Playing with the Future of Technical Communication

I have a great group of mom friends who also happen to be technical communicators. One day last month, my friend posted this picture her 6-year-old daughter made and asked if technical writing is genetic. Ha!

The first 12 steps for making a dinosaur of Play-Doh

Her mom says, “These are her first 12 steps of 20 that show how to make a Play-Doh apatosaurus.” You may know the apatosaurus as the brontosaurus.

This elementary-school student definitely “gets” that the future of tech comm is in pictures. She knows her audience – likely a non-reading audience that can recognize numerals. Plus she starts at the very beginning, piecing the steps and not making any assumptions. She even shows how to pop the top off the container of Play-Doh.

I loved this illustration and just had to share. I got permission from the copyright holder through her legal representative, her mom. :) Thanks to both of you for sharing your talents!

So, how do we learn how to get the steps right? One educational exercise I’ve learned to demonstrate technical communication is to have students write out instructions for how to prepare a bowl of ice cream. You can have students write and illustrate the steps, and then exchange instructions to test the quality of the steps. Ice cream may never land in a bowl, or there may be no scoop tool, but it sure is fun to take a task and put it into the smallest self-contained step that you can. Students learn quickly that you should write down prerequisites and ensure your assumptions about the starting point match the end-users concept of the start point. I find myself coaching technical writing now that I work with a volunteer writing group. I wonder if I can run an ice cream demo at one of the doc sprints sometime. What are some other coaching ideas for technical writers?

 

11 Comments

  • April 23, 2011 - 12:03 pm | Permalink

    I don’t know if technical writing is genetic. But we definitely have a budding visual-design genius here. Thanks for sharing that.

    It seems like the kitchen is a great place to teach technical writing. We’ve used a breakfast theme to teach DITA at SDI — using recipes to craft task topics and even incorporating concept topics (benefits of a healthy breakfast) and reference topics (types of omelettes; spices you’ll need).

  • April 23, 2011 - 1:05 pm | Permalink

    I think technical writing is genetic. If she starts taking things apart, you’ll know.

    As for exercises with steps, I became famous (back when I used to be somebody) for asking tech writing candidates to tell me how to make coffee, assuming I was newly arrived on this planet and had seen people drinking this beverage. It gave me a glimpse into how they approach a task — what assumptions they make, what questions they ask, etc. It’s a great way to illustrate how to separate the task from the concepts too. I did have one candidate answer “I don’t drink coffee”.

  • Carol Anne Wall
    April 25, 2011 - 7:24 am | Permalink

    Both of my girls were taught procedure writing in 2nd grade, and then it is revisited in 4th and 6th grade. When they both were working on their 2nd grade projects, I introduced them to usability testing. I had them give their procedures to me or their dad, and we had to follow them without their help.

    My oldest, who is a 6th grader now, got better with the usability testing. In 2nd grade, she was mad at us because we couldn’t “see” what she really meant with her instructions. She still got mad at us in 4th grade, but now as a 6th grader, she understands it’s about the writing, not the user (necessarily). It’s definitely a maturity thing, as they move from concrete to abstract thinkers.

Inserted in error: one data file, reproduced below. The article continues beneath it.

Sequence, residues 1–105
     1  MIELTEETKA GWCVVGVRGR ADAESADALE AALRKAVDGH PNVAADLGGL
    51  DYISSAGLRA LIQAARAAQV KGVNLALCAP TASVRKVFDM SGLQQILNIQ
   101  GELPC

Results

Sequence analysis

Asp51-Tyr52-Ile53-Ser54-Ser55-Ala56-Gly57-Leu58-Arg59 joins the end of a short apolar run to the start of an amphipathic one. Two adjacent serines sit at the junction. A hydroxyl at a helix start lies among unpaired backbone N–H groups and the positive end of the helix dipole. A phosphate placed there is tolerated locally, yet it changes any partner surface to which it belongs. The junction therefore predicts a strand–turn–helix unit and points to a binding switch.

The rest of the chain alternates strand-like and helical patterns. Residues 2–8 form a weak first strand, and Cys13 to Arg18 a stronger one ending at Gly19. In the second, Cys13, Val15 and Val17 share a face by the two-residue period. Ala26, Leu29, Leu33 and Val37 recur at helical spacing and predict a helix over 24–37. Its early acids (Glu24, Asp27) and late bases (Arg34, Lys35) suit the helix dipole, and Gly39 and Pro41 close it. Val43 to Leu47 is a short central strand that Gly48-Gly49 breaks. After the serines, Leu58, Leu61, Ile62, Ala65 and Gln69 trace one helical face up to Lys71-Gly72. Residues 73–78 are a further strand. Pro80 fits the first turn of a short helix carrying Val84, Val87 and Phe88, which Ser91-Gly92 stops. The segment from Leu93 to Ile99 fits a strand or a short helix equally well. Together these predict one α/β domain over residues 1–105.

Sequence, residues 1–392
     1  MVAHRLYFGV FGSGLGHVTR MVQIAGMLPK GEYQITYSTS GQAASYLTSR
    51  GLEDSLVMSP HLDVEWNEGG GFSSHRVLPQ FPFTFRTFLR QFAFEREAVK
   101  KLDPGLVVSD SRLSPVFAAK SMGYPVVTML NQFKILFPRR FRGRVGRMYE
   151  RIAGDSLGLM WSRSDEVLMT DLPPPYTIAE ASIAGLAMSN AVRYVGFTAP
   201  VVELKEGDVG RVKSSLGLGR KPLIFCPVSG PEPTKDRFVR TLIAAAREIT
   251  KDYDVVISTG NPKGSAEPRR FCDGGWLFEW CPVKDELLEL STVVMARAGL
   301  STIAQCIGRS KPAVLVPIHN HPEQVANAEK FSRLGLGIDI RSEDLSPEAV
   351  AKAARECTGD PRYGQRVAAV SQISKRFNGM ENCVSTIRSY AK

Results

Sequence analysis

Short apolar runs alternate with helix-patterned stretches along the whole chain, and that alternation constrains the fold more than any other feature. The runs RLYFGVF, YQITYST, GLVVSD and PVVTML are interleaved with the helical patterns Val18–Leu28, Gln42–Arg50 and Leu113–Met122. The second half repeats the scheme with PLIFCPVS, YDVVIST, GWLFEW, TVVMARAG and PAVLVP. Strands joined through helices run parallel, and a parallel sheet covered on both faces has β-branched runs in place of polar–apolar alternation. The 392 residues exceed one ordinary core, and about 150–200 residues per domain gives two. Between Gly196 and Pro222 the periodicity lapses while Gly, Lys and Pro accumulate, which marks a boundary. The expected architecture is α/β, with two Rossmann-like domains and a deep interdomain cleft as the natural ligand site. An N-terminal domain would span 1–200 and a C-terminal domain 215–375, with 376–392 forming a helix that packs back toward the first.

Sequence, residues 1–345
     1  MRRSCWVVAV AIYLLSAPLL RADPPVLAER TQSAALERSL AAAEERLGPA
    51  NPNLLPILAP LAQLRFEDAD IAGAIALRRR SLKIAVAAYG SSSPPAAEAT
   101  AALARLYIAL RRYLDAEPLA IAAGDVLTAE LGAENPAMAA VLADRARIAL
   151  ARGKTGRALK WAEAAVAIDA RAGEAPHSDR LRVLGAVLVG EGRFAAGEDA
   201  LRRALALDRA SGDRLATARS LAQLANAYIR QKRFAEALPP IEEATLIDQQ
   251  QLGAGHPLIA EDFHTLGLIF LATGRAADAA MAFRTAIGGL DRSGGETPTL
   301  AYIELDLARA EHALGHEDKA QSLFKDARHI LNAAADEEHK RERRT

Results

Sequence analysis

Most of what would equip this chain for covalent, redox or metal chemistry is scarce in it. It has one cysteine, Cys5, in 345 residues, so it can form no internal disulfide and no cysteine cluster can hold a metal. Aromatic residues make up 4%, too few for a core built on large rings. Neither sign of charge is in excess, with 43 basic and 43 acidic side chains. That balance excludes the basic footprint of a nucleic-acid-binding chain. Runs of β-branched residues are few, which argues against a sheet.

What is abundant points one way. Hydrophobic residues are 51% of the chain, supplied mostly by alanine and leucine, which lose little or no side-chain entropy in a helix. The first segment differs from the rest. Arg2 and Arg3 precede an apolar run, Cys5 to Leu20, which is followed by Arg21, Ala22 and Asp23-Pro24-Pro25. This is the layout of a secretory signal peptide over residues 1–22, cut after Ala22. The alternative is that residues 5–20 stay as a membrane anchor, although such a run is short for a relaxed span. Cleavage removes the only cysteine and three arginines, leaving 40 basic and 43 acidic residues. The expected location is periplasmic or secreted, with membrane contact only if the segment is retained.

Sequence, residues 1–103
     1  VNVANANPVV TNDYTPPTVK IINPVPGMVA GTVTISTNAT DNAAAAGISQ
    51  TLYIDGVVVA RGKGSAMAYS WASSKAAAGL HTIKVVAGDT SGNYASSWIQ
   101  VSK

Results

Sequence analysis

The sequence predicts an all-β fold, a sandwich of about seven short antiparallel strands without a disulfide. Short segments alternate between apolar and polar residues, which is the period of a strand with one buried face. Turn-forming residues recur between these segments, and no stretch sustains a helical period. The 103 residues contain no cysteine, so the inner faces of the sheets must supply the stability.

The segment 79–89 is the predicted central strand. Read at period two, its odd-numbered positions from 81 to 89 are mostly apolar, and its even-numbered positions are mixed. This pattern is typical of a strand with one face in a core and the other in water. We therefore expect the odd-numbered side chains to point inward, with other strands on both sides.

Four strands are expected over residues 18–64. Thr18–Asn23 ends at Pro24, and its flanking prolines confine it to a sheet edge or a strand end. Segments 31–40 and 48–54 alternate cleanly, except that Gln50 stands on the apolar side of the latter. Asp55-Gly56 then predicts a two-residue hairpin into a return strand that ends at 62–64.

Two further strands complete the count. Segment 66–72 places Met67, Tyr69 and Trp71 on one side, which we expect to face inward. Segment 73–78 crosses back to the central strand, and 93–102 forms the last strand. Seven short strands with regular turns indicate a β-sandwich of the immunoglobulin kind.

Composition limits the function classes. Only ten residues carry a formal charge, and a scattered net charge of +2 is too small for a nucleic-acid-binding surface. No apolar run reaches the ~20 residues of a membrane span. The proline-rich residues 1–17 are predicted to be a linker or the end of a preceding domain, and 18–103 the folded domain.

• April 26, 2011 - 11:43 pm | Permalink

    Love these responses, everyone! I laughed out loud when I read your comment Carol, that your daughter wanted to blame the user. Sounds like many developers who have sat behind the one-way glass in a usability lab. :)

  • April 26, 2011 - 11:46 pm | Permalink

    That’s a great interview question, Janet, and an easy, brief test for a writer candidate. Not being much of a coffee maker myself I’d have trouble detecting accuracy in the response, hee hee. But it sure would be telling to hear how they’d talk through the process.

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  • susheela
    June 18, 2011 - 3:25 am | Permalink

    Hi,

    enjoyed reading this article and the responses! In fact, we start with asking to define steps to drink water from a bottle:) A procedure is so required for everything!

  • September 15, 2011 - 8:41 am | Permalink

    Hi Anne,

    So happy to have stumbled across your blog this morning. We stress the importance of image/text integration in our program from the first semester onward–I couldn’t agree with you more on this one.

    One of the challenges we have been addressing is: in a graduate program, how much prior experience should we expect from students in graphics? We have recently designed a “bridge course” for our incoming students who have absolutely no exposure to CS and the like, which has allowed us to focus more on design-related issues in our Foundations of Graphics course.

  • September 18, 2011 - 6:38 pm | Permalink

    Thanks for the comments and for finding my site! Based on about five jobs in varying sizes of companies, I’ve found that the basics of graphical design including page layout and web layout are more valuable than actual drawing or graphic experience. You can usually ask specialists to create complex diagrams if you can rough out the general idea. Books like “Back of the Napkin” would help outline the skills I’ve found valuable in my career. Hope this helps.

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